Even so, "I had a positive attitude. She had a chance. She had been breathing and she was viable."

Medic One radioed ahead to Children's Hospital, to describe the nature of Tanessa's injury. When the ambulance arrived 15 minutes after the shooting, the emergency room was crowded with waiting medical staff.

The next few minutes were crucial. Dr. Kurt Newman, a pediatric surgeon, rushed from surgery in another part of the hospital and began operating on Tanessa while she was still in the emergency room. He didn't have time to have her anesthetized.

"The first thing I did when I got down there was to organize the team," said Dr. Newman. "Just go around the room. It was like you were playing football or something.

"Even if everybody knows what they're supposed to do, {you tell them}: 'You're going to do this, you're going to do this,' and so on. That focuses everybody in on what they're going to do and also establishes that somebody's in charge, and then everybody can relax because they know what they have to do.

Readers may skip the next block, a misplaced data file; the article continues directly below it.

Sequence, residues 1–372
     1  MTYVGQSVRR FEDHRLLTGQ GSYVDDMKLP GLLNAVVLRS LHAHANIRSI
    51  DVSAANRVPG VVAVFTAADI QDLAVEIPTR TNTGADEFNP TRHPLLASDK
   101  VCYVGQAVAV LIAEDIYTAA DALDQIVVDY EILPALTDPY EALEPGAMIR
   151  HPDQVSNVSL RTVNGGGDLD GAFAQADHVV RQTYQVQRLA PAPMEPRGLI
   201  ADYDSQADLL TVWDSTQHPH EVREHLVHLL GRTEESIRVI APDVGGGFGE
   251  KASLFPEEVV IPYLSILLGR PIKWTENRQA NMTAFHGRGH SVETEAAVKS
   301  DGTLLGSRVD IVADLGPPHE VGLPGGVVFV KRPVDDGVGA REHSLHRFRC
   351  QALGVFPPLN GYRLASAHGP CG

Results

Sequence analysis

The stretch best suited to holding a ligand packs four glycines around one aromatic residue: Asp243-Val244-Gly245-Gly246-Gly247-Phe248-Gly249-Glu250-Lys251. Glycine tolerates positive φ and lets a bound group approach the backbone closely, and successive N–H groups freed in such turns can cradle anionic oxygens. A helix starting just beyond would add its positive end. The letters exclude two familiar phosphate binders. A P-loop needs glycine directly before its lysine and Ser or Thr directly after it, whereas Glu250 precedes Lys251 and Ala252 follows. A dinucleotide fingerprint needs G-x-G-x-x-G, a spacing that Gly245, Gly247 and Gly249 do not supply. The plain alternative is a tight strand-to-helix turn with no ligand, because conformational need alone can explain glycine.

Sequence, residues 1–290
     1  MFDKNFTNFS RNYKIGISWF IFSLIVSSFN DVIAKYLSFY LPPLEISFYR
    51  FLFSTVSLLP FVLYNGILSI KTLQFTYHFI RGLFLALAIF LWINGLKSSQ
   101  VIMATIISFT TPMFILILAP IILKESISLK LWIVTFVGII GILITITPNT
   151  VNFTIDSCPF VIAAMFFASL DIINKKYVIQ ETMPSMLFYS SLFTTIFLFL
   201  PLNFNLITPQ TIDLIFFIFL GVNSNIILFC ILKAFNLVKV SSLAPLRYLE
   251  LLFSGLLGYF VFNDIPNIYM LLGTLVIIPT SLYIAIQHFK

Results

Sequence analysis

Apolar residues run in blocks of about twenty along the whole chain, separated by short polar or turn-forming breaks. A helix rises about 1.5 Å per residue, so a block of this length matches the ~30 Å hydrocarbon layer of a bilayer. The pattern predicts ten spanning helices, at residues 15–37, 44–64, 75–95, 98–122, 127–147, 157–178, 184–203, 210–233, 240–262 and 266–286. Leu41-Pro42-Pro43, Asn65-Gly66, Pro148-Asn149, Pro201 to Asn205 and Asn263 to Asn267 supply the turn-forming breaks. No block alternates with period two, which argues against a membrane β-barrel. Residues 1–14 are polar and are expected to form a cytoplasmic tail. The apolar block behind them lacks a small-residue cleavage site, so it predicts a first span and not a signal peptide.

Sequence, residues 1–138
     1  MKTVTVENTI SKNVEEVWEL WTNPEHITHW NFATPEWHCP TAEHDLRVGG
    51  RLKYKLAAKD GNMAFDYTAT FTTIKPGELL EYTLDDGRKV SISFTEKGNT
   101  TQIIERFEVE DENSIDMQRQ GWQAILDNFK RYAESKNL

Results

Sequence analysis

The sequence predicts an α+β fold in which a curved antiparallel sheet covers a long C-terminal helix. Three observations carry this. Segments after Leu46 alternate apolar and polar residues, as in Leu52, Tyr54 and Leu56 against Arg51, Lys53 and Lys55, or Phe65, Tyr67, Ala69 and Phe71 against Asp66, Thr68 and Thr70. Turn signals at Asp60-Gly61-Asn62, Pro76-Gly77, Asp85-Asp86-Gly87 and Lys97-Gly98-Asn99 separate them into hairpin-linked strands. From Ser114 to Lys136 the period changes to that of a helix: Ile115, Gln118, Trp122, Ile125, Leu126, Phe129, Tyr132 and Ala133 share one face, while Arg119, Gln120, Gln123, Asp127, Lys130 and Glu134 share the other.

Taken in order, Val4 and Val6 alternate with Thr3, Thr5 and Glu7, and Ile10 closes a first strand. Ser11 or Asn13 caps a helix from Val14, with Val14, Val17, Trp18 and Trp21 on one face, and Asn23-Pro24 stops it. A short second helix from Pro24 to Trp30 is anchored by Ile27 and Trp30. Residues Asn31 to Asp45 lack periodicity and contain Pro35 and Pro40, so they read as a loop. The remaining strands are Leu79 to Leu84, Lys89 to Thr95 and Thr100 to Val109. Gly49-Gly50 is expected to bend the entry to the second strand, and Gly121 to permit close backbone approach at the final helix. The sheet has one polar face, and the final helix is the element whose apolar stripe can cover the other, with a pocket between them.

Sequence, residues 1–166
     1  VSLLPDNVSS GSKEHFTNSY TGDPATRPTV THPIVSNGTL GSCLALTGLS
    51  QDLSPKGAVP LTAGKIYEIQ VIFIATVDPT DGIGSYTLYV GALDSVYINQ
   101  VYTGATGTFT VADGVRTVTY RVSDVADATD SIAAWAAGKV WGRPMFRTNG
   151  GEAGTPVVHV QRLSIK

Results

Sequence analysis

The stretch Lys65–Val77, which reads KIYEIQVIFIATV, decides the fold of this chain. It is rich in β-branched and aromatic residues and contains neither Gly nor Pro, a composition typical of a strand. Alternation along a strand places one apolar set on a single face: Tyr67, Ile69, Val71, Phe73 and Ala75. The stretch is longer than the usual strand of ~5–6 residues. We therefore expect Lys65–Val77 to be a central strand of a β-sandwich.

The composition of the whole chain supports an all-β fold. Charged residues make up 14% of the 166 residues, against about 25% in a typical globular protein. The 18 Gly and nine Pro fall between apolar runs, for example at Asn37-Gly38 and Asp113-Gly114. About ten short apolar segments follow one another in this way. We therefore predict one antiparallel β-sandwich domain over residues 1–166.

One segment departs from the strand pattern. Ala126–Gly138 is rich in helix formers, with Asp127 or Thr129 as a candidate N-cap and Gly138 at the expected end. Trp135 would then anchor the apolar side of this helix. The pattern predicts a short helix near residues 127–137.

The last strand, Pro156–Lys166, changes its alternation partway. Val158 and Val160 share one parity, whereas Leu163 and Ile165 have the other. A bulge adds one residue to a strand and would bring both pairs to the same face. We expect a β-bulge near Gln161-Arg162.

"And then I also got the instruments ready to open her chest. Just that scenario of a gunshot and no blood pressure. That means her best chance is going to be to open her chest.

"Then they bring her in. They're pumping on her chest. We put her on the gurney and here's where time is of the essence."

Any anesthetic would have slowed her down, Dr. Newman said. Besides, Tanessa started going downhill again at that point. Her heart was not beating and she had lost her pulse.

"Essentially, she's dead. Her heart's not going. She's not getting oxygen," said Dr. Newman. "But she's in a situation where she's dead or comatose or unconscious. You don't know how much {she's feeling}. And that's one of the things that I didn't think about right away. I didn't focus in on what her mental state is."